"Then we'll fight!"

"We will not fight!" Tchung sank back into his chair, breathing heavily. "At least, we will not offer them violence."

"Then let's send out collection ships to enlist help for . . ."

"The accountants have already requisitioned every gram of fuel wire on the planet. Our ships are grounded." "They can't do that! We . . ."

"They are the government," Tchung reminded him. "And we obey the government."

Sil-Chan stared at the curios behind the Director. No more collection ships going out? No more additions to the Archives?

"I suppose our great age is against us," Tchung said. "We've existed so long, it was inevitable that one day we would have to cope with . . . with coincidence."

"Perhaps if we seceded from . . ."

"Hah!" Tchung glowered at his subordinate. "And us a hollow ball of storage space full of records and artifacts! We're completely dependent upon Galactic subsidy. We've nothing to draw upon to support ourselves or to fuel our collection ships. We've only one commodity -- the stored knowledge and information. We're mankind's memory. It has suddenly been rediscovered that certain memories can be dangerous."

"What can we . . ."

"Not we,you." Tchung pointed a finger at him. "You can anticipate that snooping accountant staff. You must justify every expenditure, every credit that we . . ."

"Sir? Nothing I do can justify us if they don't want to accept our arguments."

Tchung drew in a deep breath, exhaled slowly. "Yes, of course. But the government accountants are inquiring into the Dornbaker Account. I want . . ."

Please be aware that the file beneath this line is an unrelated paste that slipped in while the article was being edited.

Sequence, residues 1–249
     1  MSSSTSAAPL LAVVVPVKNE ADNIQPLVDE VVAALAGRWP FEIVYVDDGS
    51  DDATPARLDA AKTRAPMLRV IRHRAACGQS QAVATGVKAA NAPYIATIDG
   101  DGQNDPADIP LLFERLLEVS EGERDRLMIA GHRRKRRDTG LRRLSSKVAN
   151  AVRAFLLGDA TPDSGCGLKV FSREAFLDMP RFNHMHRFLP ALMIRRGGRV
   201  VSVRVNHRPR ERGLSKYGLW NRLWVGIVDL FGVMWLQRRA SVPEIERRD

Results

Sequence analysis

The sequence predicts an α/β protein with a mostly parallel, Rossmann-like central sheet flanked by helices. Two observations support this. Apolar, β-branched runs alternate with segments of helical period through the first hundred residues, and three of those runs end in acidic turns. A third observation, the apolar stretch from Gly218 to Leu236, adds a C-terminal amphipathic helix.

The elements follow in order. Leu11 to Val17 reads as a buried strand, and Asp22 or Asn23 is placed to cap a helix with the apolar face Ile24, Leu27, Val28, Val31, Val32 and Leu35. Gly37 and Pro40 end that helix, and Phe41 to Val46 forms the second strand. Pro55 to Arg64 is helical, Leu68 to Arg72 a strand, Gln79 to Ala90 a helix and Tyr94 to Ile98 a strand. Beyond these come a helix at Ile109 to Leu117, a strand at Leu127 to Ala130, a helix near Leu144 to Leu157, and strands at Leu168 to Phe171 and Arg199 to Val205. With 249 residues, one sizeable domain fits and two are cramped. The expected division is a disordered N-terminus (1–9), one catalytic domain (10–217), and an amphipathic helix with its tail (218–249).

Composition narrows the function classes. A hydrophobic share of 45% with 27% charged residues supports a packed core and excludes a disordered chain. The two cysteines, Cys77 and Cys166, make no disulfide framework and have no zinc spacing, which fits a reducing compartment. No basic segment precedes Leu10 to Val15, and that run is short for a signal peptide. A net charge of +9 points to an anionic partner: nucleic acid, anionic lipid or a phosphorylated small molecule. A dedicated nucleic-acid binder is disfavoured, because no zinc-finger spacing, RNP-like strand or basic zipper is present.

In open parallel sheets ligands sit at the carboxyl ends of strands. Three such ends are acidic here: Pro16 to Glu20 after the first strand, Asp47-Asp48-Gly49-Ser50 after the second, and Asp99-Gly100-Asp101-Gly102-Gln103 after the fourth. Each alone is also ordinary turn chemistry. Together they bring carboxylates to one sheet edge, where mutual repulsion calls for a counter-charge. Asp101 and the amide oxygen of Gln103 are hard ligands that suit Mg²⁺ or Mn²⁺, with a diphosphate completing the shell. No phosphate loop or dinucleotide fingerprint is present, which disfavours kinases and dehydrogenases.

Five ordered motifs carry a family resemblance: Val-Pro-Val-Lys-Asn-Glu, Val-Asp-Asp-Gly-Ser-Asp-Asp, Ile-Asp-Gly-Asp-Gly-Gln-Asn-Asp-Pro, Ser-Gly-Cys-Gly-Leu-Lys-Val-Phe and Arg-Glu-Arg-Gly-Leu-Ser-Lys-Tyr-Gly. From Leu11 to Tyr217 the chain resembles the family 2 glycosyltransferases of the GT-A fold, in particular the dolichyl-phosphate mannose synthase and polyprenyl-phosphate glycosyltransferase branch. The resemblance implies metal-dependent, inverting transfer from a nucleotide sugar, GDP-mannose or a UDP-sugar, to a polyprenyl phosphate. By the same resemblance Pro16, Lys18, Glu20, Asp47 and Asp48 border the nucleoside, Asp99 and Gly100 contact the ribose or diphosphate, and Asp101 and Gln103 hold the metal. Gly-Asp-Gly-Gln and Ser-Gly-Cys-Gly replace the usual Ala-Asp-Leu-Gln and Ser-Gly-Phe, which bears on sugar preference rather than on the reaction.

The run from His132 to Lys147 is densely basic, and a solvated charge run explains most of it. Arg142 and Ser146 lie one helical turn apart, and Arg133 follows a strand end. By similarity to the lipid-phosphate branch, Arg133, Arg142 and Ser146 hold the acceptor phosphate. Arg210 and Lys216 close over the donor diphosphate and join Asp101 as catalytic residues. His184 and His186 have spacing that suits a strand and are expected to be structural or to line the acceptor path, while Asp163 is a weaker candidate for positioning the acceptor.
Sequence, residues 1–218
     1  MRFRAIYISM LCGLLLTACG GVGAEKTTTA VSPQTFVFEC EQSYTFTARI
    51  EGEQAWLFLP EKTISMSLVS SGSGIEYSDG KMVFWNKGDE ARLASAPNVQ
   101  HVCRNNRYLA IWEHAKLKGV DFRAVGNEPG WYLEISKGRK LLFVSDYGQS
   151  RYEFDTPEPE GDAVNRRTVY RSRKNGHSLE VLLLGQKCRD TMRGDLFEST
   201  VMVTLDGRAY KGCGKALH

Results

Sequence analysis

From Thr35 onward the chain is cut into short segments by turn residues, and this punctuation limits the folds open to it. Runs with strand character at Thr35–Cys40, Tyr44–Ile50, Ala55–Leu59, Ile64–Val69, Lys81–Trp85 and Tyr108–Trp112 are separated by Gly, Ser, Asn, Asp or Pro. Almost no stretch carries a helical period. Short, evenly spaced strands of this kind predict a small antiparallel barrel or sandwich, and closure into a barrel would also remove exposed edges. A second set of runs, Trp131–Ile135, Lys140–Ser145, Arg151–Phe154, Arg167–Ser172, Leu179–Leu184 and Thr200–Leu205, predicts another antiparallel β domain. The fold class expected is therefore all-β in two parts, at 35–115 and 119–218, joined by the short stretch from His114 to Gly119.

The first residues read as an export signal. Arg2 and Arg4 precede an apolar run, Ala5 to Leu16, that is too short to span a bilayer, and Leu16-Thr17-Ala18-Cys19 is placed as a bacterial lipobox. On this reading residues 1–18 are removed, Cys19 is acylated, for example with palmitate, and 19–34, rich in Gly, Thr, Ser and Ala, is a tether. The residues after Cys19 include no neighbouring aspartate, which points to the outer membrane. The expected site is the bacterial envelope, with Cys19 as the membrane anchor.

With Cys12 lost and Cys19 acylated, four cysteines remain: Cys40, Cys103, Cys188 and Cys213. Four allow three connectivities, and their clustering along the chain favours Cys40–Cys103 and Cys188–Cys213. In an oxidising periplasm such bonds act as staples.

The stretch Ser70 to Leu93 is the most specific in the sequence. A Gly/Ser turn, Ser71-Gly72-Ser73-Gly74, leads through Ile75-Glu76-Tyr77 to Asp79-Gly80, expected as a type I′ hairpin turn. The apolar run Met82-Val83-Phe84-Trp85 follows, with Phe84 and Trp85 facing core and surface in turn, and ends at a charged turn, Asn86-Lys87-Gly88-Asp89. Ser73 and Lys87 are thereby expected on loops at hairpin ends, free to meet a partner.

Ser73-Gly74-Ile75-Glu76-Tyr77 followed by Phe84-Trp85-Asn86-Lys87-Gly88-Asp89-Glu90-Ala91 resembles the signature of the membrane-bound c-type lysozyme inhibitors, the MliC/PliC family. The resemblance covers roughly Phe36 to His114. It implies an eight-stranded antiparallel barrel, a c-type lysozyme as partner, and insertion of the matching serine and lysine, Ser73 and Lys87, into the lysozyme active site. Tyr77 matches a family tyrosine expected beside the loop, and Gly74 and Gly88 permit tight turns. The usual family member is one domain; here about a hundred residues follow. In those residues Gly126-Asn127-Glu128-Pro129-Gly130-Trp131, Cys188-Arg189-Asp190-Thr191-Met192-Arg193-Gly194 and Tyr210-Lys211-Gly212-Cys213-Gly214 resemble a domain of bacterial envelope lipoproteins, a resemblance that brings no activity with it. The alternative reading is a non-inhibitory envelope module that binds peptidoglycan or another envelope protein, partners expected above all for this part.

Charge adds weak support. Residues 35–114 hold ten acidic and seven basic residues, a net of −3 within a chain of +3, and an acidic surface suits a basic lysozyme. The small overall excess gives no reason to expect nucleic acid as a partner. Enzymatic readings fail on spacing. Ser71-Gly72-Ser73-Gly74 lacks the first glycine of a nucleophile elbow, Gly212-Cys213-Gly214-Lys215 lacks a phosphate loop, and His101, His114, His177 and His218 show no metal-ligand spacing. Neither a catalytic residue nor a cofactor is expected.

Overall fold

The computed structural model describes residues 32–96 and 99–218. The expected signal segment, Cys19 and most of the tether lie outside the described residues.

"Dornbaker Account?" Sil-Chan stared in puzzlement at the Director.

"Yes, the Dornbaker Account. I summoned you because the discrepancies are enormous. I want you to . . ."

"I've never heard of a Dornbaker Account."

Tchung stared at him. "But you're the Chief Accountant!"

"I know, sir, but . . ."

"Wait." Tchung reached into the message chute behind his desk, retrieved a thick sheaf of inter-Library micros and fed them into the player above the chute. "I asked for the actual material when it . . . I mean, I didn't want this playing over any of our internal circuits."

"If it's sensitive, I can understand the secrecy, sir. But that's quite a package. All of that in one account?"

"It's a condensation, Sooma. A condensation."

"But why . . . I mean, if I'm to shepherd these accountants around and . . . Sir, I've never heard of this Dornbaker Account. I swear it. What is it?"

Tchung nodded. "I suspected that. You understand that I do not mistrust your competency. But I was naturally worried about the activities of these . . . as you say, jackals. I thought I would look into the larger expenses, find what . . ."

"That's the very thing I've been doing, sir. I have my people poring over everything."

"Not quite everything. You see, I requested the records on all large expenses of long standing that have not been reviewed or readjusted for several centuries."

Tchung cleared his throat.